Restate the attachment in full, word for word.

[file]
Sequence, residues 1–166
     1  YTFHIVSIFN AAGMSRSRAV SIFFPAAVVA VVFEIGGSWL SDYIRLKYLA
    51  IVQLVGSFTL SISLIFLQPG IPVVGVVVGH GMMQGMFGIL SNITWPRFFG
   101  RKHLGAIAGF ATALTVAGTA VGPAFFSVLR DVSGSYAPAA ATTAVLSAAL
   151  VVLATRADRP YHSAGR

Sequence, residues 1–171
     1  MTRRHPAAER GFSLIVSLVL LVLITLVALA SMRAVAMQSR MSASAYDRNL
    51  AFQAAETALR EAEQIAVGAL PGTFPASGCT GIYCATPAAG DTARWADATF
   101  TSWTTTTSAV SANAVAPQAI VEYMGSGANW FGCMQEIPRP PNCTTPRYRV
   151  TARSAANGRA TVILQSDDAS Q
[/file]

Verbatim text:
Sequence, residues 1–166
     1  YTFHIVSIFN AAGMSRSRAV SIFFPAAVVA VVFEIGGSWL SDYIRLKYLA
    51  IVQLVGSFTL SISLIFLQPG IPVVGVVVGH GMMQGMFGIL SNITWPRFFG
   101  RKHLGAIAGF ATALTVAGTA VGPAFFSVLR DVSGSYAPAA ATTAVLSAAL
   151  VVLATRADRP YHSAGR

Sequence, residues 1–171
     1  MTRRHPAAER GFSLIVSLVL LVLITLVALA SMRAVAMQSR MSASAYDRNL
    51  AFQAAETALR EAEQIAVGAL PGTFPASGCT GIYCATPAAG DTARWADATF
   101  TSWTTTTSAV SANAVAPQAI VEYMGSGANW FGCMQEIPRP PNCTTPRYRV
   151  TARSAANGRA TVILQSDDAS Q